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In January 2017, British Airways removed free food and drink from economy on short-haul flights between London and Europe. In its place, the British flag carrier rolled out a Mark & Spencer-branded menu of paid drinks and food.
Having bounced back and forth between London and mainland Europe quite a bit over the past few weeks, I’ve gotten quite familiar with this menu. And I’ve found for myself how both the size and presentation can really vary from the menu photos:
However, it seems that this menu is an interesting look into the “revenue-based” Avios model that British Airways CEO Alex Cruz has been vocal for years about introducing. Sure, you can pay £4.50 (US$5.97) for that chicken couscous salad, but Executive Club members instead have the chance to pay 600 Avios for the snack instead. At current exchange rates, that’s a redemption of almost exactly one cent per Avios.
TPG currently values Avios at 1.5 cents each. However, by taking advantage of the mileage-based sweet spots in the Avios redemption program, I’ve gotten over 12 cents per Avios in value on Iberia premium economy flights. Recently, a TPG reader got almost nine cents per Avios in value on American Airlines flights. And TPG’s Richard Kerr has scored over 10 cents of value for flights in the Caribbean.
While we don’t know how much British Airways had to pay for those partner redemptions, it was surely more than the airline would pay for 14 packets of powdered cappuccino…
On my flight Tuesday from London to Naples, Italy, I ordered a “cappuccino” to fight off the jet lag from my short trip to Australia for the Qantas inaugural flight from Perth to London. The price was listed as £2.50 or 325 Avios. While it pains me to even consider redeeming points or miles at just 1 cent each, I was curious about the process. It was straightforward — the flight attendant simply asked for my Executive Club number and last name, and typed that into her tablet.
And this seems to encapsulate Alex Cruz’s vision for the future of Avios: they should be redeemable for anything. Indeed, in an interview this week, the CEO said:
“We would like to be in a place, I am not sure if we make it by the beginning of next year or the end of this year, where every single payment that is made in BA through every channel – baggage, seats, upgrades, tickets themselves – can be paid with Avios. You can say ‘I have so many points, and I have so much money,’ and if I have a lot of points, you can pay for the whole thing independently of when you travel which is very, very important.”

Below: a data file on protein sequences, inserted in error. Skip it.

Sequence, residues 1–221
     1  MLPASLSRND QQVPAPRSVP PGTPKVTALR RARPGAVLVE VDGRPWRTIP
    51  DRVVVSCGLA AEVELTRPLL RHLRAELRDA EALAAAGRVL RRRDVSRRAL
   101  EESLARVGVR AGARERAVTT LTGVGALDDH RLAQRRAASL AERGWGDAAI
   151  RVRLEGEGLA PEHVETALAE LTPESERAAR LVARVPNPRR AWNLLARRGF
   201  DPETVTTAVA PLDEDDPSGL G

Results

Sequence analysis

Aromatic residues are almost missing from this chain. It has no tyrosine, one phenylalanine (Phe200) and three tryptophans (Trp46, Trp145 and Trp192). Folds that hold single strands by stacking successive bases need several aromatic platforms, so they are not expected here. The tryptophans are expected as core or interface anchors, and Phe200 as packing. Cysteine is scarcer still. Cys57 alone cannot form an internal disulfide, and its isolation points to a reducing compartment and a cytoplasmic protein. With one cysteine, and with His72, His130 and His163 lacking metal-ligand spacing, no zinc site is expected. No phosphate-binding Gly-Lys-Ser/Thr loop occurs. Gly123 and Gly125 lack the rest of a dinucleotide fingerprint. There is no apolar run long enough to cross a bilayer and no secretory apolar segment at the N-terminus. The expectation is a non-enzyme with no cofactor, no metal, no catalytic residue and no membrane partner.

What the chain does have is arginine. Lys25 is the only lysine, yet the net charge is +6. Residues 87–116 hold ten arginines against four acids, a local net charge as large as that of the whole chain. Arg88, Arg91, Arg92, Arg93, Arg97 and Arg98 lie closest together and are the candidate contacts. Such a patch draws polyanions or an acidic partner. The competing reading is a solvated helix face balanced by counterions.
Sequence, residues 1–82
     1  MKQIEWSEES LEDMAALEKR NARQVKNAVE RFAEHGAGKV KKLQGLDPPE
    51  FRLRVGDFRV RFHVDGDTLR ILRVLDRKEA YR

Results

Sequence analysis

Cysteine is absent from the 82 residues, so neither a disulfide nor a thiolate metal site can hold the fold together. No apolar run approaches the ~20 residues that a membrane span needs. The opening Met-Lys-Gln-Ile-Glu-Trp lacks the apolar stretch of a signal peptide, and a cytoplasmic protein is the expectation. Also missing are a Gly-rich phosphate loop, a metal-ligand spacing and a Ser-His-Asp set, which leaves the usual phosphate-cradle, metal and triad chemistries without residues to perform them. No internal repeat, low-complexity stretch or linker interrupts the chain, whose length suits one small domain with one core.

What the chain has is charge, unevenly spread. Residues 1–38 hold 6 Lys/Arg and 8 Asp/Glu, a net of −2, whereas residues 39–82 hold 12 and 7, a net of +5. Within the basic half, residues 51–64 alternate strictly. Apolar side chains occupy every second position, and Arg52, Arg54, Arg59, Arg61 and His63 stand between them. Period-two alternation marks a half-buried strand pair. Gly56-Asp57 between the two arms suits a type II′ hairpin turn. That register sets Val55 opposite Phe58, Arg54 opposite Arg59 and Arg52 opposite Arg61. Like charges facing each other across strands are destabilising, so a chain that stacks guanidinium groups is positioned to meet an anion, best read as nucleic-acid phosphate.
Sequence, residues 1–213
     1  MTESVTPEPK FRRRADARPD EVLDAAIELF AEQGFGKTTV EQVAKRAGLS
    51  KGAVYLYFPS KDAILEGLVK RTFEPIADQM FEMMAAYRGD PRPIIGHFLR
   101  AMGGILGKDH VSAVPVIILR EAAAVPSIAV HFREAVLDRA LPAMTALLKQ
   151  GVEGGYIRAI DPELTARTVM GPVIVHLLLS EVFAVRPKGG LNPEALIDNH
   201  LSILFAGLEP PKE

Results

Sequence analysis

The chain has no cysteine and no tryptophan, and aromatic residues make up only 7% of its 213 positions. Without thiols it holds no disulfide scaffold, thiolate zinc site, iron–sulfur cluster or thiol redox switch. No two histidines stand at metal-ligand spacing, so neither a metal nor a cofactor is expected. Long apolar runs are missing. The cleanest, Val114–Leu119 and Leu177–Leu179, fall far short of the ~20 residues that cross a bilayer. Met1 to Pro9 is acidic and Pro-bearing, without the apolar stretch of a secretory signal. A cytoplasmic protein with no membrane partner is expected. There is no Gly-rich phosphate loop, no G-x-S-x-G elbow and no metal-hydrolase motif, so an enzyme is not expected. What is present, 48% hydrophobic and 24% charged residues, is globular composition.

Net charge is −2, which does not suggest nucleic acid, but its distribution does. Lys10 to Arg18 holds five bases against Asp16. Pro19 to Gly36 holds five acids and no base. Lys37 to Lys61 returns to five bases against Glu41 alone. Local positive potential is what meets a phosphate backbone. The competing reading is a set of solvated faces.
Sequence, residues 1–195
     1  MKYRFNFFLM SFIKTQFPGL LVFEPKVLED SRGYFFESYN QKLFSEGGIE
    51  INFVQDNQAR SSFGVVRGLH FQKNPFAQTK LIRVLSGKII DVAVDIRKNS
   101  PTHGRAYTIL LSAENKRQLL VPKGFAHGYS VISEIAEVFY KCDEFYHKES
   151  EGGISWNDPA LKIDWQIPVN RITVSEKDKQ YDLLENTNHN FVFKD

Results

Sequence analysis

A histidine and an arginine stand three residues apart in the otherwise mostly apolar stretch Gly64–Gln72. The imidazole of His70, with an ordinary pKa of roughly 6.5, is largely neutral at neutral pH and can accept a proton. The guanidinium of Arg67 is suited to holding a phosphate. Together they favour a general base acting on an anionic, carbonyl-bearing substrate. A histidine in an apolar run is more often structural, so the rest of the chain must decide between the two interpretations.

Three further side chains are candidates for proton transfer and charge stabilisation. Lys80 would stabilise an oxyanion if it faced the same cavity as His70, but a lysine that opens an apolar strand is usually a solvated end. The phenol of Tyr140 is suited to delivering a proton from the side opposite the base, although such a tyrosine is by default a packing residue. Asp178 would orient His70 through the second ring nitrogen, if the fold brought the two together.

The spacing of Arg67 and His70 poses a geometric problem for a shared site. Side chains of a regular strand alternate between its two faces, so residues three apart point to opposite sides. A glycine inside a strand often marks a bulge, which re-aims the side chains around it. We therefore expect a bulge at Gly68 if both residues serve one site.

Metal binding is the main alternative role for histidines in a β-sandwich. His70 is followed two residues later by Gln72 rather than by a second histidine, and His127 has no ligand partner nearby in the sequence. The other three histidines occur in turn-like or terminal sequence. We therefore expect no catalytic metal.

New options for using points and miles are always good. While there are so many better uses of Avios than buying a powdered cappuccino on-board, having the added ability to redeem Avios for this makes Avios easier to use for many Executive Club members.
The key question is: will British Airways only add redemption options, or — in the process — will the airline remove redemption options? After all, there might be plenty of flyers that’d be happy to get 14 cappuccinos for free using 4,550 Avios if they don’t know how to use those points otherwise. However, I’d much rather redeem 4,500 Avios for an award flight from Hong Kong (HKG) to Taipei (TPE) on Cathay Pacific, an intra-Japan hop on Japan Airlines or a flight from London to a wide range of European destinations.
Indeed, I recently flew from Berlin (TXL) to London Heathrow (LHR) to tour American Airlines’ cargo operations. Since the trip came together rather last-minute, I was facing flight prices of around $300 one-way — or 4,500 Avios plus $28 in taxes and fees. This was a small, but important redemption at 6 cents per Avios, showing the power of the mileage-based program.
If Alex Cruz’s vision of Avios includes redemptions for couscous salads, cappuccinos, baggage and upgrades in addition to the current mileage-based redemption options, it’ll be a positive move (at least on the redemption side). That way, Executive Club members unaware of how to redeem their points will have easier options. Meanwhile, those of us that know how to maximize Avios will still be able to get many multiples more in value from the same points.
However, if the new redemption options come with a devaluation to the current redemption options, it’ll be just yet another negative move from British Airways. From going 10 seats wide in long-haul economy to 28-inch pitch in intra-Europe economy, the British flag carrier could continue its transition into a low-cost carrier, milking its historic brand for all it can. I guess we’ll have to wait and see which path British Airways chooses.
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